The marans in is a breed that originated in France around the 1940's. They come in many different colors, ours are the "cuckoo" color. Cuckoo is a black and white mottled coloring, similar to a barred plymouth rock, but the bars don't line up perfectly with the cuckoo coloring.
They are best known for their dark brown eggs. Some strains will lay a chocolate brown colored egg. Solid chocolate brown egg layers are hard to come by in the US, most US hens will lay very dark brown eggs with chocolate brown speckles.
My other favorite trait with this breed besides the beautiful eggs is that they mature very quickly for such a large bird. They mature at about 5-7lbs and started laying eggs at about 5 months old. They are also a calm bird and don't spook easily.
This dutch breed lays darker brown eggs with a terra cotta color. These pretty birds forage. The breed was developed around 1900 in the Dutch town of Welsum. They are classified as a large breed with the hens being about 6lbs. *Brownish Hen in the center of the picture, the one looking at the camera, is a Welsummer.
Anconas are a light weight breed from the Mediterranean that are black with white tipped feathers. They lay lots of small to medium sized white eggs. They come in single comb and rose comb varieties. We have the single comb variety.
They are an active breed, but not as flighty as leghorns. They mature at 4-5lbs and began laying at about 5 months of age. They do not eat as much food as the larger breeds and they lay very well from spring to late fall.
Lays brown eggs. This breed has been around for years. It is a popular breed due to its laying ability and hardiness. These hens are great natural mothers and lay eggs well through the winter. We have the barred variety (pictured) as well as the white and partridge varieties. This breed makes up a large portion of our laying flock.
Lays dark brown eggs. This is a rare (in the US) Dutch breed of chicken developed in the late 1940's. Our birds are obviously from a show strain, they don't lay really dark eggs like some of our marans but they are beautiful birds that lay quite well. This is one breed we are breeding this year.
These little ducks were developed in England in 1900 by Mrs. Adele Campbell. The come in other colors, but the brown "khaki" color seems to be the most common in the US. This breed was created specifically for laying ability. It will out lay the best chicken hen. These ducks are excellent foragers and blend in well to their surroundings, making them less visible to predators. The eggs are larger than chicken eggs and typically off white in color with occasional spots and even a green tinted egg.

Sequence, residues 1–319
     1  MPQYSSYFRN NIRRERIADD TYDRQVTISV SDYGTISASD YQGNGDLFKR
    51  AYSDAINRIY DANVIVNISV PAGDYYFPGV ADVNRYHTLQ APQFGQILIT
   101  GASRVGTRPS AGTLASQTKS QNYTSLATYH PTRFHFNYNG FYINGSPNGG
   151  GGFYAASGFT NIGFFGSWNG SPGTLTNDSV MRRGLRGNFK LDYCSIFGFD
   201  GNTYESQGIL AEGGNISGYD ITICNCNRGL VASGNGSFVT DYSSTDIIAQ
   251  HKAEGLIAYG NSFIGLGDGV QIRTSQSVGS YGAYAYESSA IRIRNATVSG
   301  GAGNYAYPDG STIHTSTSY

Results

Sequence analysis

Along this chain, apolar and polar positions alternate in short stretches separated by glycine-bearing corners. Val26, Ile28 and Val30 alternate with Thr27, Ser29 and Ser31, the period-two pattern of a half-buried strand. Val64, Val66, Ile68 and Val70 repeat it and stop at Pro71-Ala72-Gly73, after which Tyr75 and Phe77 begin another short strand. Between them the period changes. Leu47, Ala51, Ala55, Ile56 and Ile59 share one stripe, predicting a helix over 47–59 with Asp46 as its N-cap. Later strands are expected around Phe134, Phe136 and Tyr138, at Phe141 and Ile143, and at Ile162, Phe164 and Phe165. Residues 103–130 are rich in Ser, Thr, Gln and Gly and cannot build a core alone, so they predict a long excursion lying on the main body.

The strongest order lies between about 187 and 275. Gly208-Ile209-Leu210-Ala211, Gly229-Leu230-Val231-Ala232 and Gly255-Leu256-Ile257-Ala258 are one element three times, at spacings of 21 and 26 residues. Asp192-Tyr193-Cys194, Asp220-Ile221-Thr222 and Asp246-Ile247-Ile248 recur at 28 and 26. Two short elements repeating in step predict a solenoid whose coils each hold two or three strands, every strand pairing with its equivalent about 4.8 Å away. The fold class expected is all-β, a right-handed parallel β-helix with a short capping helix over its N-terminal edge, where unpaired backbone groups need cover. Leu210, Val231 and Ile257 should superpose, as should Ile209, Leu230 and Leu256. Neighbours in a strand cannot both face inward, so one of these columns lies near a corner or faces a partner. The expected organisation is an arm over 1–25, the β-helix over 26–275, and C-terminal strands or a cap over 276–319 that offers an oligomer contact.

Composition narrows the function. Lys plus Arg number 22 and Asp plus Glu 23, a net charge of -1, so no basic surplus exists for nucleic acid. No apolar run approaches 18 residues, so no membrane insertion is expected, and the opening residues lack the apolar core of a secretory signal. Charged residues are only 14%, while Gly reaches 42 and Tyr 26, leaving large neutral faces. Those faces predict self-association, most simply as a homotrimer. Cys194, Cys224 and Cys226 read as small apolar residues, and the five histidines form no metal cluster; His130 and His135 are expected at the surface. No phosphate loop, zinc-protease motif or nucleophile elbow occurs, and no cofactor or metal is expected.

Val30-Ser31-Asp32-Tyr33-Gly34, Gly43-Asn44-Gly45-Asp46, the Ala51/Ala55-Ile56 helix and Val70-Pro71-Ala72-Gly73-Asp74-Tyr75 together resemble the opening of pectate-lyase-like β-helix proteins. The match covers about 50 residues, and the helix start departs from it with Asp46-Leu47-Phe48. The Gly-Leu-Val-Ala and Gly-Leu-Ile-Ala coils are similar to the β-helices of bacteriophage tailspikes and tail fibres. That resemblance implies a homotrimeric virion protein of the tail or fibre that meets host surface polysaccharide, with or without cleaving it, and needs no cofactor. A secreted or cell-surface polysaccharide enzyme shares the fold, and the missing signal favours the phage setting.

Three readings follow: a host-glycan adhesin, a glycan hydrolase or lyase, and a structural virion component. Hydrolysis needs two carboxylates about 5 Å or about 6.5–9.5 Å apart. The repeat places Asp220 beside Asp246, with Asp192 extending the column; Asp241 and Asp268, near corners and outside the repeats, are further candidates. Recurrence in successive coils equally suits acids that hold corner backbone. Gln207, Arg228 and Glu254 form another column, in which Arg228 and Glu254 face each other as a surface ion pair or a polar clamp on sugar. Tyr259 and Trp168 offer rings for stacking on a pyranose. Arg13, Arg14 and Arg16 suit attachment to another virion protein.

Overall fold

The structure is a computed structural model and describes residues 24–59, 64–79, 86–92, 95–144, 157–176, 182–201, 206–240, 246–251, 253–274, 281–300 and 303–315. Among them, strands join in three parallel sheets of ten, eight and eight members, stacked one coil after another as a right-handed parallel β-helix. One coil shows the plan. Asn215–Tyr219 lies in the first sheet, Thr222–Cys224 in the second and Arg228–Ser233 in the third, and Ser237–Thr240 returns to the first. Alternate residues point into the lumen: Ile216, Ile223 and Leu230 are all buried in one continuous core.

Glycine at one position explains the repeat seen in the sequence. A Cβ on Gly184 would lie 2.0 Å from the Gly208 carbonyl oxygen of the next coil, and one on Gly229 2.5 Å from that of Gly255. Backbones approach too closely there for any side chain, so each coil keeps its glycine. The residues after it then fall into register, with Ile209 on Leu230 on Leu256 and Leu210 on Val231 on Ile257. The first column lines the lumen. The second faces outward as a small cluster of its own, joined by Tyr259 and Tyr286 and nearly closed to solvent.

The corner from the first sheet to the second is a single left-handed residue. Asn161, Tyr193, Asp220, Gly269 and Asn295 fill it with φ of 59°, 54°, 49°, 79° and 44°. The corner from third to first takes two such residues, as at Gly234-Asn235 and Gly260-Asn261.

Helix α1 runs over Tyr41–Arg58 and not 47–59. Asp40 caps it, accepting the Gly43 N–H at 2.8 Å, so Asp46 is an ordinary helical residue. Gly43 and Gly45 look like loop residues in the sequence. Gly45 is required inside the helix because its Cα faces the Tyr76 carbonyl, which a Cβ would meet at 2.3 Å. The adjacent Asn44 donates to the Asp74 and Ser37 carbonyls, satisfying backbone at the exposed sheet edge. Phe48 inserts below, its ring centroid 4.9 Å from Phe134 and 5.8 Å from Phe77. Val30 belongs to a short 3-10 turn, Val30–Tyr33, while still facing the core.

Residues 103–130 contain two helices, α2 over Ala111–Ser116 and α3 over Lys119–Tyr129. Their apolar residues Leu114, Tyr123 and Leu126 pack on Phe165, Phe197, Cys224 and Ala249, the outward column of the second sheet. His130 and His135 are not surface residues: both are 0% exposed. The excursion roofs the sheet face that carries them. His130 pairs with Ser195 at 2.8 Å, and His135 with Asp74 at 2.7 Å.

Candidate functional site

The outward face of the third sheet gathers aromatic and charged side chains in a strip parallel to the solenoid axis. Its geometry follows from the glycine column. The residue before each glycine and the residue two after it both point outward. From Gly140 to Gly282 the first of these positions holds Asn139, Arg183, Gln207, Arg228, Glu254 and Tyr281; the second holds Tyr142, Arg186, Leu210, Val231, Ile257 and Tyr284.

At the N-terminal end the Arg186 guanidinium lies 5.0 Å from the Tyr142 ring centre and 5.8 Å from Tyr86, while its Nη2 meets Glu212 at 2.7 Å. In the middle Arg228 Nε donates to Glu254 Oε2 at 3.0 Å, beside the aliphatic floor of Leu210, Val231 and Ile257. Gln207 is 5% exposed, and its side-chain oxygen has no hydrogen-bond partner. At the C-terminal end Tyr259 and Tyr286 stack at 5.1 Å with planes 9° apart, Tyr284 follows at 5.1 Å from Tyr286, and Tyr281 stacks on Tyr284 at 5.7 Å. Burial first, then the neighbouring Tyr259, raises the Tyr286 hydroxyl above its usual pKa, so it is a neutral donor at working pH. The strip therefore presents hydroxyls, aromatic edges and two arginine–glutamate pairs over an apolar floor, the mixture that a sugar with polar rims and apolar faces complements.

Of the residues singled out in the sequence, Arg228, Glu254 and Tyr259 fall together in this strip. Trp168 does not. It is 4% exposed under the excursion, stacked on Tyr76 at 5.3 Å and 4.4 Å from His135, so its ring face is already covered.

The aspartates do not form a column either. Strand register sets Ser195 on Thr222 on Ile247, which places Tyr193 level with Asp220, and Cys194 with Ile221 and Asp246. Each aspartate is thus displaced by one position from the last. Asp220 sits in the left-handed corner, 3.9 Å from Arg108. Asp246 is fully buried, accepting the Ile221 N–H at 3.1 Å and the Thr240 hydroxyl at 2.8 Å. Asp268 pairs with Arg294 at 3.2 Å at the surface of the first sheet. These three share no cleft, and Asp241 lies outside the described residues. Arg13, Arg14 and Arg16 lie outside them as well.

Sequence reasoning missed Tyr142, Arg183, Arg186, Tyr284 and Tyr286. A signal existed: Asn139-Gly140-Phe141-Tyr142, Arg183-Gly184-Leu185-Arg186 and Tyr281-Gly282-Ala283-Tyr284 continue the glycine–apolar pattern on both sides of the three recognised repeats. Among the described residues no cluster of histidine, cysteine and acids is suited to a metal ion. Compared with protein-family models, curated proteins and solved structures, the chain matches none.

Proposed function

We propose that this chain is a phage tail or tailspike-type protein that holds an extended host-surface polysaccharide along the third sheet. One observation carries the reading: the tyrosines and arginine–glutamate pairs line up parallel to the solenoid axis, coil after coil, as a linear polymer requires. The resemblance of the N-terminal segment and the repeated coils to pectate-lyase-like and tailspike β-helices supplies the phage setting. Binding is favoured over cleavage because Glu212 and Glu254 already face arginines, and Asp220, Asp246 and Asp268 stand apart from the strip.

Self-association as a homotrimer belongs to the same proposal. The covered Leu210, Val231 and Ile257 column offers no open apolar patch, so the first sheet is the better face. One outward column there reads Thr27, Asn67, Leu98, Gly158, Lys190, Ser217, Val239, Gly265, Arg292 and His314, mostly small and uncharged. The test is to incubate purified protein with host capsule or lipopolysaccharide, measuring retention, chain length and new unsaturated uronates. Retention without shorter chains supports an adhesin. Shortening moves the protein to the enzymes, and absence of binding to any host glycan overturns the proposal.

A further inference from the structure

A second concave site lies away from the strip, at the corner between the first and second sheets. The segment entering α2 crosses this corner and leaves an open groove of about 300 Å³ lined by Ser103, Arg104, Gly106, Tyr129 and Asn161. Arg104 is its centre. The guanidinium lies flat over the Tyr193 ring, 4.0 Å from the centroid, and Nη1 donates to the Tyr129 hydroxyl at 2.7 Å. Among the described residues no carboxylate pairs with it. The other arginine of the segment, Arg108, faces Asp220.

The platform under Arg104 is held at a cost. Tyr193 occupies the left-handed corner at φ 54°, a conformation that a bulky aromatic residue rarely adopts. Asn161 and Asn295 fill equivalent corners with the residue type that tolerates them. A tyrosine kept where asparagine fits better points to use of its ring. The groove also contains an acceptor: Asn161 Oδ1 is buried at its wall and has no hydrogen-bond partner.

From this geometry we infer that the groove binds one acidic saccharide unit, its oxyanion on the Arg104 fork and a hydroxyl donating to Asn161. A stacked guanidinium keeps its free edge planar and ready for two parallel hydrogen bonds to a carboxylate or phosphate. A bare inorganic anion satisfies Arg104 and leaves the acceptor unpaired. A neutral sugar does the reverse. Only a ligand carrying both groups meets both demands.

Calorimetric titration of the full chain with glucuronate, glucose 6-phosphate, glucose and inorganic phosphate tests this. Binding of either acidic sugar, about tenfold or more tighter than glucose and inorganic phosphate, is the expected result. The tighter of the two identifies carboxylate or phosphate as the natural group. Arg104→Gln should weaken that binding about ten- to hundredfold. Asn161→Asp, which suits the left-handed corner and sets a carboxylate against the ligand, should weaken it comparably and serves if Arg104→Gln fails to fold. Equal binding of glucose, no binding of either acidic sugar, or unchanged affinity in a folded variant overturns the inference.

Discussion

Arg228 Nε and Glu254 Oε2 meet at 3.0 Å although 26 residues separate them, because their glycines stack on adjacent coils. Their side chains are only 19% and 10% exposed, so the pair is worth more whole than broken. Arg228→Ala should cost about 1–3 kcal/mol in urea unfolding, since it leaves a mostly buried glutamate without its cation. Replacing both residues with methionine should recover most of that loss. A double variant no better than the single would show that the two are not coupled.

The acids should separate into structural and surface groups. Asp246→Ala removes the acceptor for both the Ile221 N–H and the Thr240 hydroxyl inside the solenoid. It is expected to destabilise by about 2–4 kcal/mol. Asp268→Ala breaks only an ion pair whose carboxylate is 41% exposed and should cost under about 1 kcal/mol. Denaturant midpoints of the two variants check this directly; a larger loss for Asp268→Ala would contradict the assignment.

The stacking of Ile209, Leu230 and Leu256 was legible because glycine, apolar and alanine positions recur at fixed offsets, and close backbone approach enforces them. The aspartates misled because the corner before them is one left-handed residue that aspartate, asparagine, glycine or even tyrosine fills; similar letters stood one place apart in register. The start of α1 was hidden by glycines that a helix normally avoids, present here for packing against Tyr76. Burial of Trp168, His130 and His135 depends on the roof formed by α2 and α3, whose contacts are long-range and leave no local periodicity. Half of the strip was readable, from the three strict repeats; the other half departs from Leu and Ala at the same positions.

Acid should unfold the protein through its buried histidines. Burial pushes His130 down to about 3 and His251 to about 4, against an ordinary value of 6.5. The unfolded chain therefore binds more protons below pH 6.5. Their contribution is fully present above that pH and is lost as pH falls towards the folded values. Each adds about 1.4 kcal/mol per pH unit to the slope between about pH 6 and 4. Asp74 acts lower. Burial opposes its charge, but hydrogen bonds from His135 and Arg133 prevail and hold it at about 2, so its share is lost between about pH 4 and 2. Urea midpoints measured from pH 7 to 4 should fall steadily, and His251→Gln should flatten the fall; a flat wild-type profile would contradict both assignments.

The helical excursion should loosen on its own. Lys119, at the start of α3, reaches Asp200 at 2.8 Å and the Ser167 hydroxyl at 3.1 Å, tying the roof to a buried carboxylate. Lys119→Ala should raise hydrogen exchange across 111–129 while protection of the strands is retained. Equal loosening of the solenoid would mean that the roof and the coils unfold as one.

This hybrid was developed by Metzer Farms in California here is their description of the breed: "In 1996 we developed the Golden 300 Hybrid as they lay more and larger eggs than the Khaki Campbell duck and have a calmer temperament with a higher fertility. The Khaki Campbell may be a good egg producer in small flocks but we were never satisfied with their production in our larger commercial flocks. Because of this inconsistency, we developed the Golden 300 Hybrid by crossing and utilizing the attributes of different duck breeds. The Golden 300 Hybrid can be sexed at any age by its color as the males are shades of black and the females are shades of brown. Unfortunately, they do not retain this characteristic in future generations. Their progeny will hatch in blacks, yellows and browns with no relationship between sex and color." Metzer Farms website
The Welsh Harlequin duck is a somewhat new breed, developed in 1949 from some light colored Khaki Campbells. They are an excellent layer with a calm temperament. They will also set on eggs and are excellent foragers. Picture of the Silver coloration of the Welsh Harlequin, they also come in gold. We have two of each color. *I have fallen in love with this breed and have since added many more of these ladies to our farm.
Buff geese are one of the few breeds of geese that originated in the US. Bred for meat production, these medium sized geese can grow to 18 pounds. The buff color is very rare, only occurring in domesticated geese, not wild geese. They are calm and docile geese and a fantastic parents. They are also described as a very curious breed. The American Livestock Breeds Conservancy lists this breed as Critical, meaning there are "fewer than 500 breeding birds in the United States, with five or fewer primary breeding flocks (50 birds or more), and estimated global population less than 1,000." Our pair of Buff geese at 2 1/2 months old.
Described as a "dual purpose" breed that was developed in Wales around 1918-1919, Magpie ducks are the newest breed to our farm. A rare breed in the US, it is listed as "critical" by the American Livestock Breeds Conservancy. I was drawn to the breed as I read that it lays blue eggs and I liked that all resources said they are active foragers. Ours lay mostly white, but a few lay charcoal grey eggs. And they are definitely active foragers!